“I love the word (gentleman): ‘gentle man.’ You proceed with care and compassion, navigating with skill and kindness” through today’s fast-changing and complex world. Think before you act. Grow relationships sincerely, and make choices that honor them,” Senning advises. Why? Because other people’s lives matter, and “Being a gentleman inspires and attracts people. And if you make mistakes, you’re in a good position to recover.”

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Daniel Post Senning

For parents, guardians, teachers, big brothers and leaders in general, Senning says, “You have to be the person you want them to be,” modeling courtesy and respect. “How you navigate (human interaction) determines the quality of the life you live.”


Peter Post’s “Essential Manners for Men,” in its second edition, clearly illustrates that what Emily Post started in 1922 hasn’t gone out of fashion. In fact, the fully revised centennial edition of “Emily Post Etiquette” is just out, featuring essential material — everything from handling hard times to dining, communication and phone use. To learn more, visit

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Suzanne Willis

Take Your Seats, Please

“Essential Manners for Men” is a guide used by Suzanne Willis, who’s been teaching Mimi’s Manners etiquette classes for 20 years at country clubs, hotels, restaurants and even at the Edison Home in Fort Myers.

Mostly girls attend her children’s classes, but there are a few boys, whose parents rave about their son’s improved courteousness, including helping around the house.

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Perhaps surprisingly, men seem keen about polishing their manners. Willis’ “Oh, Behave!” all-men’s etiquette class drew the attention of Southern Living magazine and was featured in 2005.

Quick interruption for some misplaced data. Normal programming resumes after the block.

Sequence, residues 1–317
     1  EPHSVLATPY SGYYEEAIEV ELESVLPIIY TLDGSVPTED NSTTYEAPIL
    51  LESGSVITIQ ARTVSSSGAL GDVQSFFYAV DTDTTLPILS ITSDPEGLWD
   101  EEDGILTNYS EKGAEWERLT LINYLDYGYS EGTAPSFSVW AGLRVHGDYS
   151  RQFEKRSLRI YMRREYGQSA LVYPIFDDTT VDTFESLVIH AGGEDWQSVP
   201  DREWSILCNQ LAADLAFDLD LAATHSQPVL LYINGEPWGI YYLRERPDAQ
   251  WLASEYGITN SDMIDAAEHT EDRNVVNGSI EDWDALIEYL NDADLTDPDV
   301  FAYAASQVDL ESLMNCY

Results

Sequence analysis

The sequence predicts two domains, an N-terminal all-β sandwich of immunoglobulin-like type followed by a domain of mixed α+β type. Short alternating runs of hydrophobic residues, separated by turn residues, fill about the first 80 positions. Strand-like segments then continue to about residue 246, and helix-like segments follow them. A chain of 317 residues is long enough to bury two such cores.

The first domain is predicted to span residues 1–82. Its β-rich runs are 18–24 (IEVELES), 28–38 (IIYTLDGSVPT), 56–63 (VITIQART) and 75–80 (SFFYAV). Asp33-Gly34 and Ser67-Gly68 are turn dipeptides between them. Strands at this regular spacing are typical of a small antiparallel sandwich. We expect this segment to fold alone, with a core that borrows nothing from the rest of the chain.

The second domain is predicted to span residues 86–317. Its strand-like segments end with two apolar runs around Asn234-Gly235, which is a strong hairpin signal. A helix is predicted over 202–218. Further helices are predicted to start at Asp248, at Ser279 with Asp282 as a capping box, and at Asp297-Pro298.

A similar class held at The Ritz-Carlton in Naples brought men to the table, too, not entirely of their own accord. An older man groused that his wife had signed him up. Another man’s wife asked him to meet her in the lobby at 6 p.m. for dinner. Instead, he was greeted by his best friend, who ushered him into the two-hour, three-course meal featuring etiquette as the main course.

“Once he saw it was all men, he felt it was OK,” Willis says.

Demographic representation varies. Classes at the Edison Home tend to be a bit lower key, versus the aforementioned classes at The Ritz or Sarasota’s Capital Grill.

Dating is an important topic to teens (“What’s my role on a date?”) as well as affluent men (“If we go shopping, do I carry all the bags? Do I walk behind her? How do we approach the limo?”) But the chaps mainly want to know, “What do women like?”

Boys learn chivalry a bit differently: how to hold the chair for your mom, for instance. Of course, table manners are high on the agenda, including how to hold your silverware, the polite way to eat bread and pass food, and being considerate — and interested — in the people around you.

Happily, these classes build friendships among boys who all learn that “Manners are the happy way of doing things,” as Ralph Waldo Emerson said. It’s a theme that runs through every Mimi’s Manners class.

Mimi — Willis’ company’s namesake — was her grandmother who taught her manners at home and who took 11-year-old Willis on a tour of the British Isles, visiting castles and gardens, where she further honed her etiquette skills.

“It was all senior citizens and me. Manners really helped, and it was a wake-up call. It made me want to travel, something I’ve done a lot of since. And now I’m sharing what I learned at age 11 — such an impressionable time in my life — to other people.”

In 2022, a year that seems increasingly “me first” for “people who are afraid they’re not going the get their fair share,” she’s observed a decline in thoughtfulness. Willis hopes that her classes, at least, will encourage consideration, compassion for others, practicing the golden rule and being well respected.

“I hope it gives them a good foundation and leaves a footprint for future generations.” If so, she says, “How you hold a fork isn’t the most important thing.”


Mindful Musing


“Waste no more time arguing what a good man should be. Be one.”


— Marcus Aurelius